We seem to get the daily barrage of messages and soundbites out of Germany demanding that countries stick to existing plans and that “austerity” is the only way forward. Germany continues to love to point the finger at the other countries and accuse them of borrowing too much and that these countries need to suck it up and pay what they owe. For now we will ignore the fact that Germany itself was one of the first countries to break the Maastricht Treaty. What Germany seems to be forgetting is that they jeopardized their own credit quality (as we first pointed out here). With bunds at record lows, this may not be obvious, but for the past 2 years, Germany has been throwing around guarantees and commitments like they meant nothing. We have argued since the beginning that all these guarantees were dangerous. Guarantees are more dangerous than CDS since it is truly impossible to figure out how much debt has been guaranteed or how likely the guarantees are to be honored. Germany is the ultimate backstop and seems to have forgotten that debt exists in two states - Debt is either Repaid or It Isn’t! No wonder Josef Ackermann came out in favor of more support for Europe. He has the good sense to see how bad this is - from EFSF/ESM support to bank losses to TARGET2 imbalances, it's just not pretty at all.
Putting some housing things into perspective. From the (less than credible) NAR: "Total housing inventory at the end of April rose 9.5 percent to 2.54 million existing homes available for sale"... And on the other side of the world: "The Beijing Public Security Bureau Population Administration Department said yesterday that vacant houses are 3.812 million."
There was a little for everyone in the latest "baffle them with bullshit" economic data report: while the Services ISM popped modestly from the prior 53.5 to 53.7, on expectations of a slight decline to 53.4, something which in itself is bad because it is good, and makes prospects of more outright QE less of a slamdunk, the all important employment index tumbled from 54.2 to 50.8, the lowest print of the Year, and the largest two month slide in the Employment index since March of 2009. Finaly, with half of the Manufacturing ISM indices in contraction territory already, we finally got the first sub-50 print in the Services ISM as well, with the Prices component declining from 53.6 to 49.8: a/k/a contraction, and the biggest 3 month drop in prices paid since December 2008, and the lowest since July 2009.
Stripped of acronyms and pseudo-economics, Central banks have one lever: monetary easing. Whatever the name offered for creating money electronically and suppressing interest rates, it boils down to making money abundant and cheap to borrow, at least for banks and other favored players, such as buyers of homes using 3% down-payment FHA mortgages. The problem is that easy money doesn't fix what's broken. Incentivizing debt and leverage does nothing to reduce leverage or debt, and incentivizing speculation does not reduce household debt loads or increase household incomes. And without improving household incomes, you have a recessionary economy held aloft by unsustainably profligate Federal borrowing and spending.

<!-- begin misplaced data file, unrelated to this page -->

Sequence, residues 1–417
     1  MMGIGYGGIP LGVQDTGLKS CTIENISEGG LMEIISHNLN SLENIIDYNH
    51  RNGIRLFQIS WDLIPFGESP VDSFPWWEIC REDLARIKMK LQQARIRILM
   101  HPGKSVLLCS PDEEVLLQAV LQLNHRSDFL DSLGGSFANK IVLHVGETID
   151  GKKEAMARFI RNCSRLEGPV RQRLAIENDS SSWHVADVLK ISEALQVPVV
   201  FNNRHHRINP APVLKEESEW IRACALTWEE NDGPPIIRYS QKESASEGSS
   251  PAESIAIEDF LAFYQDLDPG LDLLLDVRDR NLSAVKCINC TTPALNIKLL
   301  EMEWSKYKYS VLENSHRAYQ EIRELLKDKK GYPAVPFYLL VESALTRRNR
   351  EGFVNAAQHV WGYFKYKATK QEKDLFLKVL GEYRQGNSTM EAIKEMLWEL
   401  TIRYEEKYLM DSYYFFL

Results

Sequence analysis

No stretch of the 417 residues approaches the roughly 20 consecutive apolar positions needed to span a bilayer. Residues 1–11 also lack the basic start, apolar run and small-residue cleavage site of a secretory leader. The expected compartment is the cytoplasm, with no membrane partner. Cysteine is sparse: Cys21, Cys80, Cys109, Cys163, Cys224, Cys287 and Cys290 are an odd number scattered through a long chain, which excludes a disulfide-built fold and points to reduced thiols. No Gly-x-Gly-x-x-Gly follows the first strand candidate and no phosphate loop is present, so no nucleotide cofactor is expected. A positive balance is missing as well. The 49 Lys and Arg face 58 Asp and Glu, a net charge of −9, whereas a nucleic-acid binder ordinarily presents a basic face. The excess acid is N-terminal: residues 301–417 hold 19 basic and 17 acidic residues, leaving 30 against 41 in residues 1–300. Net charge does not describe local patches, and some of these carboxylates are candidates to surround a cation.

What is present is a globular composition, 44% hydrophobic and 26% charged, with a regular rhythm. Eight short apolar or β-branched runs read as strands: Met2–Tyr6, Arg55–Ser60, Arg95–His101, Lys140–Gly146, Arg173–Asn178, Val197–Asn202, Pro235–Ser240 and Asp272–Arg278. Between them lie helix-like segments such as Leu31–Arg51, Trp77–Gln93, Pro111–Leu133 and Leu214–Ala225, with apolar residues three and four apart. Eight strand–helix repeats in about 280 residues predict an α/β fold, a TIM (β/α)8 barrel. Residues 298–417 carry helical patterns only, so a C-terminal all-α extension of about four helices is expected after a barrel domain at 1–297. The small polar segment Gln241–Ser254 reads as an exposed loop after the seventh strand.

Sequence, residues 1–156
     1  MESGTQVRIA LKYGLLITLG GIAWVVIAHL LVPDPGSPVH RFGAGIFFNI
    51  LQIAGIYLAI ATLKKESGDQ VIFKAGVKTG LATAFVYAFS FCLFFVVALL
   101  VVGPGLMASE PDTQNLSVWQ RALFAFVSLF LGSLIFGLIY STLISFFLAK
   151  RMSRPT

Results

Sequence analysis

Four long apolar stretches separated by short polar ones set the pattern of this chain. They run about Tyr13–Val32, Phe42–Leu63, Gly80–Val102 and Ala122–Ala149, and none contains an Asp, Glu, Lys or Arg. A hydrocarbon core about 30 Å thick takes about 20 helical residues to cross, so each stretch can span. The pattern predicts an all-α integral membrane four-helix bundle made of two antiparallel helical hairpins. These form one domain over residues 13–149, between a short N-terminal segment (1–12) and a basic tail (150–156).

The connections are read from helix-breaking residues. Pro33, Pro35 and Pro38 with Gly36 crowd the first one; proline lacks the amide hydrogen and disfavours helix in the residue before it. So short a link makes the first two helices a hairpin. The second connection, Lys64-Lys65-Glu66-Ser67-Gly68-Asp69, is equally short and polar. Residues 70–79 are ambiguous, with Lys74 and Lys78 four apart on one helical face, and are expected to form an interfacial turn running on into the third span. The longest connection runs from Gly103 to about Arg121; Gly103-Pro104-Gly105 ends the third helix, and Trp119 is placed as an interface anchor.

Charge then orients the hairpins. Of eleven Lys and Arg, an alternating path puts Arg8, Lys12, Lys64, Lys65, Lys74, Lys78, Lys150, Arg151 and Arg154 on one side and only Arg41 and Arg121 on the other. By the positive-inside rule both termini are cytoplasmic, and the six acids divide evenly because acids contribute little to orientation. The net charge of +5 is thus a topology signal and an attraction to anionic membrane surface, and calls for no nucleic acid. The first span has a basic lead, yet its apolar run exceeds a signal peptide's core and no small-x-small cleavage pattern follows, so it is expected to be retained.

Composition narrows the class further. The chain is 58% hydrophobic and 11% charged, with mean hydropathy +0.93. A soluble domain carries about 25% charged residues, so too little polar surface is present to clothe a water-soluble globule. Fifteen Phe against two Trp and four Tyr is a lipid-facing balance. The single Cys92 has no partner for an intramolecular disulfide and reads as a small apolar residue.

Is this a "solution"? No. Is this sustainable? No.
With much of Europe's credit trading parents to the unruly equity trading children still on vacation, it is still clear that Europe's liquidity situation remains as critical as ever. 2-year EUR-USD basis swaps have pushed to new post-LTRO record lows (its costs more now than in the last five months to create USD funding from EUR for a two-year term). With performing collateral in short-supply and a world awaiting the ECB to save the day, it seems odd that basis-swaps would be bleeding worse unless the reality is that the ECB is not about to put on its cape of invincibility. European Banks are nothing but desperate to lock in term funding at these premia and while hope prevails, it would seem the banks are indeed preparing for the worst.
Germany remains vehemently opposed to any euro-wide deposit guarantee scheme as the head of the association of savings banks believes it: "would lead to a spreading of risks to the detriment of German financial institutions" and that this would "increase the burden for national protection schemes, which is not in the interest of German banking clients". Not exactly encouraging and along with the fact that Goldman notes that Germany's 'growth plan' (which includes increasing EIB capital and redirecting existing funds to the periphery) with which it will attempt to bolster its opposition to soaking up more peripheral risk, contains 'nothing really new in it'. For this reason Goldman is far less sanguine heading into the ECB meetings as they hope for the best and prepare for the worst. They expect Draghi's forward-looking statements on being ready to act, conditional on events in the periphery, will be the most important headlines but expect him to remain stoic in his position on governments contributing to the solution. Goldman's view remains that, at least for the time being, the ECB has to play a leading role in stabilising the system (though SMP remains marginalized given its potential to sit outside of the ECB mandate) given that it can operate more quickly and more effectively, given the many political constraints governments face. A genuine long-term solution, however, falls once again in the domain of governments.